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Oct. 21, 2021 | Thursday
Local News
Ka-boom: Lake Erie ice boom travels over falls and washes up in NOTL
Niagara-on-the-Lake residents Donald O’Connor and his wife Martha stumbled upon this broken ice boom during a walk with dog Ace in Niagara Shores Park. (Donald O’Connor/Supplied)

And suddenly, there it was. Boom.

When Donald O’Connor and his wife Martha were out walking their dog Ace in Niagara Shores Park on Sunday, they stumbled upon an odd item washed up on shore.

A two-tonne, 10-metre long, rusty, cylindrical object was beached alongside the usual logs and other lake detritus.

Further investigation showed it carried a message welded into one of the end caps: “NYPA – 2017 05 9” and a U.S. phone number “716-285-3211.”

That’s the New York Power Authority and the object is an ice boom pontoon, apparently part of a 22-section ice boom that keeps ice on Lake Erie from flowing down the Niagara River and causing damage to shoreline properties and the power plant intakes.

The Buffalo News reported on Feb. 27 that seven sections of the ice boom broke loose and were seen floating in the river.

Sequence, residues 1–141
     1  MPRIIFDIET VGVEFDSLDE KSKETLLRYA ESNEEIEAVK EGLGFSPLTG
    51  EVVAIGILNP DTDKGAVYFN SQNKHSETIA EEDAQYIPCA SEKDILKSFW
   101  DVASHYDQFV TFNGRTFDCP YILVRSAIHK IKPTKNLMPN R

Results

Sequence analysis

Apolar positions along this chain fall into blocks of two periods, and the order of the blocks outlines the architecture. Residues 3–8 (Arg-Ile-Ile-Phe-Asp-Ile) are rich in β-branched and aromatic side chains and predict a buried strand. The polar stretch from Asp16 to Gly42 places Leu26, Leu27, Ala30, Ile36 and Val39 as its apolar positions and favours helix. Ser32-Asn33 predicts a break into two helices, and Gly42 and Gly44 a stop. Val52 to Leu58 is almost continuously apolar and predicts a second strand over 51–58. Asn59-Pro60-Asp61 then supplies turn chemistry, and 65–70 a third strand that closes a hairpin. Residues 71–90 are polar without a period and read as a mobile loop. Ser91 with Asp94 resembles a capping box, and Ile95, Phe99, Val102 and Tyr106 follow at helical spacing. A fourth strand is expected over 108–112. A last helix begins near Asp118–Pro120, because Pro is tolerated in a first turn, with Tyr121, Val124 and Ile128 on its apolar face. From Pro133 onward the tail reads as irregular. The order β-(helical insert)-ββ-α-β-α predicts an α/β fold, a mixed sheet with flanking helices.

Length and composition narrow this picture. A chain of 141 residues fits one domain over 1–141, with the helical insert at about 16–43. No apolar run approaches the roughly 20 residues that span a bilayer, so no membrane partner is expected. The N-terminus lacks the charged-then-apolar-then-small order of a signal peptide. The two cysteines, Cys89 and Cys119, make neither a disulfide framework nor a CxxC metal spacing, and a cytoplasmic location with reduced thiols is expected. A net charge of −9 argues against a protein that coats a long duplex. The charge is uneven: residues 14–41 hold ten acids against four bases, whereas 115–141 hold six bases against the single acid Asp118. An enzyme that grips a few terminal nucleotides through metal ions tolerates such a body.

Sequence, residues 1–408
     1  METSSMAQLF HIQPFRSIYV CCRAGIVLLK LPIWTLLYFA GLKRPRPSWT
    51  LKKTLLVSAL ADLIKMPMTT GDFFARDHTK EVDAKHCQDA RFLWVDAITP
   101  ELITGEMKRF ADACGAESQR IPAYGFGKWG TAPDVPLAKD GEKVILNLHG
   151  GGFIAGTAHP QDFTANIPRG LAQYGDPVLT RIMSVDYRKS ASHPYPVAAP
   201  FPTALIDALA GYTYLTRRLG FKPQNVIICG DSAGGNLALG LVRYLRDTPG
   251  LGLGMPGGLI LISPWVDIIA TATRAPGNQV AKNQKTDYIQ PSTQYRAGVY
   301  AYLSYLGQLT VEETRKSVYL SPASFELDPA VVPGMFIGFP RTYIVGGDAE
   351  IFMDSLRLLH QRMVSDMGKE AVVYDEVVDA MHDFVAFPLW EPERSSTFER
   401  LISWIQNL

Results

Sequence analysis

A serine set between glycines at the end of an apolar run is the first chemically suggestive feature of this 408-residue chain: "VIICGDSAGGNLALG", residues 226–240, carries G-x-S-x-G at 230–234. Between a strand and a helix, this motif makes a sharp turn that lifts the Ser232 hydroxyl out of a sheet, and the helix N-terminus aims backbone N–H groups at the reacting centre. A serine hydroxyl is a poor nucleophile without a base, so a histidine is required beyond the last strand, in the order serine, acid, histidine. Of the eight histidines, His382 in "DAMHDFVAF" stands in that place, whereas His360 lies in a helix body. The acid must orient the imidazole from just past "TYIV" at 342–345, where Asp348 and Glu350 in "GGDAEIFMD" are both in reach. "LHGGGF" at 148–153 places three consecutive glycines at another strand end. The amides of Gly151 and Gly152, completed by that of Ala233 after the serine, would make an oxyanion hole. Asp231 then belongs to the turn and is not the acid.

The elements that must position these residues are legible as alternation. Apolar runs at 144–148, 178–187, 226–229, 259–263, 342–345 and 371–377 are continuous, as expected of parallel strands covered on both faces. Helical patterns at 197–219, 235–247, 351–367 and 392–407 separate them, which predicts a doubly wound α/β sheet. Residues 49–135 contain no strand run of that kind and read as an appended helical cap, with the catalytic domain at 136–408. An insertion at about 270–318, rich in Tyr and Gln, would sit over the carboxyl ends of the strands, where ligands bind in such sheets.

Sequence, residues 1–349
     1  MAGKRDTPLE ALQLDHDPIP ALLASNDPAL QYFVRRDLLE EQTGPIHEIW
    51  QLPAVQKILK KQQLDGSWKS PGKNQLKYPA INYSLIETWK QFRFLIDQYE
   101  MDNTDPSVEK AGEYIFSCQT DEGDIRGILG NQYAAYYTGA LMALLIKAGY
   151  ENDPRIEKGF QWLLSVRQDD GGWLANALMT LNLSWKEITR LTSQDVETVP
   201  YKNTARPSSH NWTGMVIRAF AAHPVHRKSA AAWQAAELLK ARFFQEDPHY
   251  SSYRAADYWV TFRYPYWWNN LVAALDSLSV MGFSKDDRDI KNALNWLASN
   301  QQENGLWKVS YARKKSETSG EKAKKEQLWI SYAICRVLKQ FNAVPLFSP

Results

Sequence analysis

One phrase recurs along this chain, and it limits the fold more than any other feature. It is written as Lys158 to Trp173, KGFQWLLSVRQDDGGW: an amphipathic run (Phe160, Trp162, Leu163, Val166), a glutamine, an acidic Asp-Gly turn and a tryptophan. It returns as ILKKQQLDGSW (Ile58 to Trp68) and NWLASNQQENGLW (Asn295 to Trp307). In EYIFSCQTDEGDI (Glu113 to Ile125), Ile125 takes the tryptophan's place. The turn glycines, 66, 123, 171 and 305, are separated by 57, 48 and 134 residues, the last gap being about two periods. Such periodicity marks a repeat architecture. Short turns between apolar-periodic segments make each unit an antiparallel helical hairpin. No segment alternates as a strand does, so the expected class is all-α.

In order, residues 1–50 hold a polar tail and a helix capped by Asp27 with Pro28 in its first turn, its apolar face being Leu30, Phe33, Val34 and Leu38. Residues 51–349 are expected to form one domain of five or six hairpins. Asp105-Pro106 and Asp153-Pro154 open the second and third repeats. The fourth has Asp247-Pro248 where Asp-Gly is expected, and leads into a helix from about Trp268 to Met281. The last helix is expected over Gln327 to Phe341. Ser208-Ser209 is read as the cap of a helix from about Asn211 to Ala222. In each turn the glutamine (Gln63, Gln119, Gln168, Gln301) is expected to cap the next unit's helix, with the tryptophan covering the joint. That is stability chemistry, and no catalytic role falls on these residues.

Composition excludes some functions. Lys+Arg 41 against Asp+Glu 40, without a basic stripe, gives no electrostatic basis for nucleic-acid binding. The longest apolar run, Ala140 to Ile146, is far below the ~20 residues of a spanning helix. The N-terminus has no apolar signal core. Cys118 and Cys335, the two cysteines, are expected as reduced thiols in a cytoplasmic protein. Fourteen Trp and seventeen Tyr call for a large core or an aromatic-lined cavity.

Around the same time, videos were posted on social media showing a massive wall of ice surging onto shore in Fort Erie.

When O’Connor saw the big boom, he says he knew exactly what it was. He’d seen it – or one similar – before. He was showing friends from Vancouver around Niagara Falls in March and spotted an ice boom embedded in the ice at the base of the falls near the Maid of the Mist dock.

“The ice boom was in plain view. It was lying on top of the ice with lots of other debris. There were plastic barrels and garbage and lumber. So, I guess, finally it floated down the river and made its way to Lake Ontario,” he said in an interview.

The boom washed up about three kilometres west of where the Niagara River empties into Lake Ontario, not far from the new NOTL sewage treatment plant.

O’Connor said he has spoken to the New York Power Authority twice this week. “They don’t seem all that worried about it,” he said. 

One official told him, “Now, we have to figure out how to get it back.”

Canadian Coast Guard officials said they were working with the New York Power Authority to recover the pontoon and return it to the United States. While it was beached when O’Connor found it, that could change if water levels increase or a storm hits the area.

If the pontoon floats back into Lake Ontario, it could pose a hazard for ships and small watercraft, the Coast Guard said.

It’s not the first time an ice boom pontoon has crossed the border this year.

The Niagara Parks Police Service posted pictures Tuesday of a heavy-duty tow truck in Niagara Falls hoisting another ice boom to get it ready for the return journey. That pontoon was pushed up onto the bank on the Canadian side above Horseshoe Falls.